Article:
Marines, Japanese troops both speak language of sports
CAMP NAHA, Okinawa — Whoever won, it all was in good fun Tuesday when Marines challenged their Japanese counterparts — and each other — in the annual Sports Exchange Day on this Japan Ground Self-Defense Force base.
Some 110 Marines with the Marine Corps Community Services Single Marine Program competed against 60 young JGSDF troops in softball, dodgeball and tug-of-war before grilling hot dogs and hamburgers and sampling cold noodle soup with wasabi sauce.
“It doesn’t get any better than this,” said John L. Estrada, sergeant major of the Marine Corps. “This helps strengthen the relationship that we have with the people of Japan, especially between the armed forces, creating stability in this part of the world.”
It was the first stop for Estrada, who works out of the Pentagon, on a day-and-a-half Okinawa visit for Marine Corps birthday events.
“This Sports Exchange Day was held to promote friendship and mutual understanding,” said Chief Warrant Officer Masaru Kaneko, JGSDF 1st Combined Brigade spokesman. “We chose to have it today to honor the visit of the Marine Corps sergeant major to Okinawa.”
Kim Newberry, Single Marine Program director, called such Single Marines events “great ways for us to show our Okinawa neighbors the real United States.”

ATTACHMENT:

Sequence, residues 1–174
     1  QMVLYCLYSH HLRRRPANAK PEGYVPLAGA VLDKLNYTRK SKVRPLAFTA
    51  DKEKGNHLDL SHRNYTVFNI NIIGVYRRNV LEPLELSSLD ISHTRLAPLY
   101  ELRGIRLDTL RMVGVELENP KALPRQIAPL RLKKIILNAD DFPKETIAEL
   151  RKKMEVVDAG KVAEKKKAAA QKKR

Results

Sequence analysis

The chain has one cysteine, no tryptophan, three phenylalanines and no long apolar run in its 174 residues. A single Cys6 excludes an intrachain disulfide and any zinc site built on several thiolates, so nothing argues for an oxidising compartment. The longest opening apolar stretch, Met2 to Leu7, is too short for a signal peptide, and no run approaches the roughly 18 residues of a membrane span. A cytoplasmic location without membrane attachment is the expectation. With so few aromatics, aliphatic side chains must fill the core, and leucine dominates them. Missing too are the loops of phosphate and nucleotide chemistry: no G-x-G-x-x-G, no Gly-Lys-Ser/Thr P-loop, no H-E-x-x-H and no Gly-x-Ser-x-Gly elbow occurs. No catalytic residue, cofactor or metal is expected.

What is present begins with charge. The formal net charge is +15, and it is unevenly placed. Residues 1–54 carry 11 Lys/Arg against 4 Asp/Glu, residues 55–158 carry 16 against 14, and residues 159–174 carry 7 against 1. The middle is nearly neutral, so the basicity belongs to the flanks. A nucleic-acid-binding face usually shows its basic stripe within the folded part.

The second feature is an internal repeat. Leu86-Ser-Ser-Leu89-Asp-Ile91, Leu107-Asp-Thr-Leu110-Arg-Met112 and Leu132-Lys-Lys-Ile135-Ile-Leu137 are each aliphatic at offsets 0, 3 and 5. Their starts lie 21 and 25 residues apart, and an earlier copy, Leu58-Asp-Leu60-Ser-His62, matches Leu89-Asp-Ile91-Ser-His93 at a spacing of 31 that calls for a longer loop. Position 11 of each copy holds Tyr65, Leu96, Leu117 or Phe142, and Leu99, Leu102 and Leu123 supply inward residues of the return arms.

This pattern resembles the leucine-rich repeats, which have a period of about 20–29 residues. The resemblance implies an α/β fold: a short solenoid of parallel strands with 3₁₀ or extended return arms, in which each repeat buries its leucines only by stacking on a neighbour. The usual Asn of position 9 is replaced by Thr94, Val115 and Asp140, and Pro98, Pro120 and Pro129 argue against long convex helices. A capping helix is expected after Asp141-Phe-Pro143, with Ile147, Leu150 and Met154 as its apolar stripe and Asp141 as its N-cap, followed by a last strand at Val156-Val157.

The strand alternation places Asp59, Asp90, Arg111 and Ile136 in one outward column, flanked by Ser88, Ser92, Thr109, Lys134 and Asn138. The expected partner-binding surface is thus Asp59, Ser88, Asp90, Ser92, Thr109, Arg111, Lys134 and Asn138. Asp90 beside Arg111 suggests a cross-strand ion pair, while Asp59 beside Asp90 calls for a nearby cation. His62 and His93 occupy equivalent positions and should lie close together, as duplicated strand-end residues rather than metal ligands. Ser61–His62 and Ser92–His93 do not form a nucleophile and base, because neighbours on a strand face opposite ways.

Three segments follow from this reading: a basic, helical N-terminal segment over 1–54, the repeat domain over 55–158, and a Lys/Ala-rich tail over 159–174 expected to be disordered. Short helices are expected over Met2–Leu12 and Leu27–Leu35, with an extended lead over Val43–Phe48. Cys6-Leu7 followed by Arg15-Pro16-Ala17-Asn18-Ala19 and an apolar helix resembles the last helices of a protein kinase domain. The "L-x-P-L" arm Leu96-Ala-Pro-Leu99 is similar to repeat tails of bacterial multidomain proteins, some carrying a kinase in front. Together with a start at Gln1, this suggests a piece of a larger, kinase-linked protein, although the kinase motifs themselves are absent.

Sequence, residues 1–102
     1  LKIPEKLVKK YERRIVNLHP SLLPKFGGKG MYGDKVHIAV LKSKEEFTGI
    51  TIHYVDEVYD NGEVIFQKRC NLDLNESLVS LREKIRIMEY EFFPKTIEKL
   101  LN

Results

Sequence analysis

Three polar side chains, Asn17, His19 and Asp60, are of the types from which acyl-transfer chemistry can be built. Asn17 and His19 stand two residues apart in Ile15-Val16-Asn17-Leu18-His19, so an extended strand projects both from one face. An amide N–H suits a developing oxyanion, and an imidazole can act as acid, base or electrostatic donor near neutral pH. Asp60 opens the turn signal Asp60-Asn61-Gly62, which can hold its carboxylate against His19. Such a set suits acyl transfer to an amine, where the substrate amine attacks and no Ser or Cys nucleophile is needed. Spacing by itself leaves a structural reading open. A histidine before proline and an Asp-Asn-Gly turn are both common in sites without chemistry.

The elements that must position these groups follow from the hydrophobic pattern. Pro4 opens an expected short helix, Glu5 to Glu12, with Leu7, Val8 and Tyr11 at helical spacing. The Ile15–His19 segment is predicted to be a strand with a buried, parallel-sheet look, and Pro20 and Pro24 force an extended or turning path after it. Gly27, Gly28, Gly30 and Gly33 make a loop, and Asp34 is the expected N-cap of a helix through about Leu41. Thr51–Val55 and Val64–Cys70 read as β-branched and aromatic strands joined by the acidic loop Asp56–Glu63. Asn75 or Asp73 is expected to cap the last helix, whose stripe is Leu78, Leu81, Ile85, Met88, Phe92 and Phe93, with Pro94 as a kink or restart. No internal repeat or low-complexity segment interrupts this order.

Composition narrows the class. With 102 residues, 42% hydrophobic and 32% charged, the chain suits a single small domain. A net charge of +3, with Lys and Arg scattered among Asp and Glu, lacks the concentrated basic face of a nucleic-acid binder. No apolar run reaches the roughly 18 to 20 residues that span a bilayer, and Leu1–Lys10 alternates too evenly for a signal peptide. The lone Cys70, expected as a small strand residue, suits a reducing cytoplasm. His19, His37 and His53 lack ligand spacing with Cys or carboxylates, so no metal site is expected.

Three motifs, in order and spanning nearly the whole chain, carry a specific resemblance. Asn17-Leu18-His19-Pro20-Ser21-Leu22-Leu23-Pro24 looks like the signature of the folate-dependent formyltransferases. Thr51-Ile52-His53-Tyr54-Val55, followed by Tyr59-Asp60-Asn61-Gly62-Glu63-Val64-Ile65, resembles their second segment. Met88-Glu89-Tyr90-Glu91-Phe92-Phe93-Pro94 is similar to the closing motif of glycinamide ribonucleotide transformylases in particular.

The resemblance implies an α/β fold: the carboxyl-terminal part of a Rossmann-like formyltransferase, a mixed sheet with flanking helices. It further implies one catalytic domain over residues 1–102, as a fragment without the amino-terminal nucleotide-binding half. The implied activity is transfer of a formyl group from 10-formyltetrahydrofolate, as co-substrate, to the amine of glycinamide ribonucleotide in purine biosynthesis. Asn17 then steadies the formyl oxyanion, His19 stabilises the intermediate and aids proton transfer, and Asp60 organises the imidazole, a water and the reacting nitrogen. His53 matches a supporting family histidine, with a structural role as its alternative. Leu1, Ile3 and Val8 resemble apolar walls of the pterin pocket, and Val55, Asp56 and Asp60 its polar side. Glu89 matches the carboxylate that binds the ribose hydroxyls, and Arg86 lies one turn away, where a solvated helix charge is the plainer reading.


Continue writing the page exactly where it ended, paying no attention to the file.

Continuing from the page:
As she spoke, Cpl. Chase Smith ran up to the softball diamond after his team, from the 3rd Reconnaissance Battalion on Camp Schwab, finished a dodgeball game against a JGSDF team. As he ran by the ballplayers, he shook their hands and thanked them for “a great time.”
“It’s just a beautiful day,” he said. “I like to get involved with the Single Marine Program now and then when they have shindigs like this.”
The program gives young Marines, not allowed to own a car or drive, “a great chance to get out and mingle with our Japanese friends, a way to get to know them better,” said Lance Cpl. Antwon Jones, 7th Communication Battalion on Camp Hansen.
As he broke off to cheer a teammate’s catch, Pvt. Samantha Meade of the same unit picked up the conversation. “The program gives me a chance to get out and do things I’ve never dreamed of before — like take part in dragon boat races,” she said. “A lot of young Marines get into trouble because they don’t take advantage of these opportunities.”
After pitching the first game for JGSDF, Pvt. Hiroyuki Tsunematsu watched his comrades rally against a tough U.S. team.
“At first I was kind of hesitant because of the language barrier,” he said. “But as the game went on, I began to realize both sides were having a lot of fun. … I hope we can do something like this more often.”
“They surely are dynamic,” said JGSDF left fielder Sgt. Mikako Shinchi. “It was a very enjoyable time.”
Appearing to be having the most fun, however, were those belting each other in spirited dodgeball games. With each spectacular twirling leap to evade the ball, and each thud of ball on flesh when the speed of the throw beat the leap, U.S. and Japanese soldiers alike roared approval. The game’s seemingly least important aspect: the score.
But a brief tug-of-war showed who had more muscle: Marine teams placed first through third.
Stars and Stripes reporter Chiyomi Sumida contributed to this report.